Detection of compromised credentials — the low-hanging fruit in cybersecurity
High-profile data breaches in recent years have created a new and rapidly emerging high-risk reality that businesses must be made aware of, and which can no longer be ignored. This high-risk reality is the creation and accessibility of huge data lakes containing billions of leaked credentials for sale on the dark web* that provide an exact match to access into many organizations' sensitive data and corporate intellectual property.
Since the beginning of 2017, the industry has experienced a terrific spike in data breaches leveraging compromised credentials. Verizon’s 2017 Data Breach Report indicated 18% spike of the data breaches leveraging weak and/or stolen passwords compared to the already high 63% the previous year.
To ignore this risk is to create peril for organizations much as we’ve seen with the Equifax breach where a high-risk vulnerability was known, but Equifax chose to do nothing about it. One year after the breach, the stock price still can’t reach the pre-breached price. The stakes involving compromised and leaked credentials are exactly that high.
MFA? VPN? Strong Password Policies? That Unfortunately Is Still Not Enough!
Mandatory multi-factor authentication (MFA), virtual private networks (VPN) and a strong and resilient password policy approach that mirrors recently revised NIST recommendations (see section 184.108.40.206) are now the minimum standards that organizations should follow to better secure the enterprise. But even these approaches can no longer provide 100% protection as it relates to authentication and authorization within the enterprise.
Why? Cybercriminals and nation-state actors have access to massive databases of leaked credentials which are already being used as weapons against the enterprise, critical infrastructure and even democracy itself. There are very few cases when MFA solutions are deployed consistently across sensitive assets, or on by default. The Deloitte breach from September 2017 shows that even companies that are preaching cybersecurity best practices can make a mistake and not using MFA on administrator accounts.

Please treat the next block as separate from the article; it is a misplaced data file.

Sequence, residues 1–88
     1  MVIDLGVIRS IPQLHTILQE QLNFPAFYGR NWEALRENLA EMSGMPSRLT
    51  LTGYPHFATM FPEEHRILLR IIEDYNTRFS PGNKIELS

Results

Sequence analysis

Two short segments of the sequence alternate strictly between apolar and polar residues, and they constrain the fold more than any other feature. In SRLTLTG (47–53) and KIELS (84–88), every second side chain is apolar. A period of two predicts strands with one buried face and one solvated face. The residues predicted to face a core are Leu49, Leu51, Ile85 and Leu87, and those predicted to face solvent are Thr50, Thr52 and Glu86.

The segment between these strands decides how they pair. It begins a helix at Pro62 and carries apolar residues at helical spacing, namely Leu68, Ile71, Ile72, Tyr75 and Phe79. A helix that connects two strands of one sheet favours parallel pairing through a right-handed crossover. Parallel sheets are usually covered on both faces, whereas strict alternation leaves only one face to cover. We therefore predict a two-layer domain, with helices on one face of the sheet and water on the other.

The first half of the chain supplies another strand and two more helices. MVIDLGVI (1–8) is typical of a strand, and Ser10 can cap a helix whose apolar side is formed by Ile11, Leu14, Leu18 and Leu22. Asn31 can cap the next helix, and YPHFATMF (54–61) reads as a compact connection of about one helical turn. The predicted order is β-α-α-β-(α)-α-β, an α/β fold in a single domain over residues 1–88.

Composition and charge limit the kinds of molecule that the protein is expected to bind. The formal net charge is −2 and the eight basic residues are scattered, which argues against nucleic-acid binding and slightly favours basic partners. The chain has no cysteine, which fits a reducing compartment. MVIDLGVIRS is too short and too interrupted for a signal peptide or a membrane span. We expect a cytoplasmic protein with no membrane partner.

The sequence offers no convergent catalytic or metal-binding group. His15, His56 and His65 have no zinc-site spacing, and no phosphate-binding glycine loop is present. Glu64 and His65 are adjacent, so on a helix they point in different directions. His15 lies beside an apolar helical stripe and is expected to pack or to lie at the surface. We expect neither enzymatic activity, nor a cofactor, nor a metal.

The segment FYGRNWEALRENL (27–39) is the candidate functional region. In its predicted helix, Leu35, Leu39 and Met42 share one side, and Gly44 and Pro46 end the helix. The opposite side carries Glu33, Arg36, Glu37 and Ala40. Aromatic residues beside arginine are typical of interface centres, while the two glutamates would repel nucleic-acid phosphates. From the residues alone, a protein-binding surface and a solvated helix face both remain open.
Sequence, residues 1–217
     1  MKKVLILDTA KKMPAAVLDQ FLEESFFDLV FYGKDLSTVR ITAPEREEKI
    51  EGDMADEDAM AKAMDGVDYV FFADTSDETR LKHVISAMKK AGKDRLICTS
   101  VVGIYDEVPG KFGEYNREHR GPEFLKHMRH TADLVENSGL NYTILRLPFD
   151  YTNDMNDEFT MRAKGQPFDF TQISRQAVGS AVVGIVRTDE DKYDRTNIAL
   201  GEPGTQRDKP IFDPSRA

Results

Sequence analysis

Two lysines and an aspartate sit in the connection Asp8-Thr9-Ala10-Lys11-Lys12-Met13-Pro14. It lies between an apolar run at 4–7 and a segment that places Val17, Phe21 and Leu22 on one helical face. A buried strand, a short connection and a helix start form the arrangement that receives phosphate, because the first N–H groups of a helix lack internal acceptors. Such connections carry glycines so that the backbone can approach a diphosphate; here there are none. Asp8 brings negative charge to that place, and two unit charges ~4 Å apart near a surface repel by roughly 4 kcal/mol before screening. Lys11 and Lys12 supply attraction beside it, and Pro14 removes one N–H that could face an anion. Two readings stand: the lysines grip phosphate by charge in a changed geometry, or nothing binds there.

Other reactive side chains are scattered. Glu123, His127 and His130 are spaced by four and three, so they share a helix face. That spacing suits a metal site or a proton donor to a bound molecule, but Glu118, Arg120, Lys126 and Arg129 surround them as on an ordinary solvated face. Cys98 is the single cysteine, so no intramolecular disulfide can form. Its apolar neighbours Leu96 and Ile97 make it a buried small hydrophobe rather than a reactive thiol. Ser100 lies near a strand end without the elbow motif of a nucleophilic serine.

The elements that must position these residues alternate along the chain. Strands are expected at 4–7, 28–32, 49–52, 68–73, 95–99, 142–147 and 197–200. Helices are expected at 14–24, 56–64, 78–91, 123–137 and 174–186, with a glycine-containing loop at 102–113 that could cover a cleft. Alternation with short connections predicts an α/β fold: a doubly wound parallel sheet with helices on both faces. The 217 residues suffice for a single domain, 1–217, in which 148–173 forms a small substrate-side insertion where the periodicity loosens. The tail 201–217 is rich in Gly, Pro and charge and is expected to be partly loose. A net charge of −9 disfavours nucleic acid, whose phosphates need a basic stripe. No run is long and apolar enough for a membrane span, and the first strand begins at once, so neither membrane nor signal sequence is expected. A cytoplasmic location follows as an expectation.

Leaked credentials have become the holy grail of dark web possession — one set of credentials to rule all other forms of perceived authentication and access protection. The broad application of leaked credentials against an individual or organization has to do with easy access to such credentials and a high degree of success when they used.
With this new reality of stolen and compromised credentials, organizations must take active measures to detect and verify them or be prepared to face the consequences.
Detect & Verify Compromised Credentials
As organizations learn more about and increase the adoption of credential verification services, what are the levels of risk that need to be considered to begin protecting against this threat?
Let’s consider two risk levels.
Level 1 Scenario: When a compromised credential is linked to the identity context
In this scenario, the detection of leaked credentials is based on a match of the username and the password together. This is the preferred scenario as it eliminates false positives and can deliver a high level of automation. The outcome of the detection is a binary response showing which accounts from the organization’s credential store are available for grabs on the dark web and can be used at any time to launch an attack.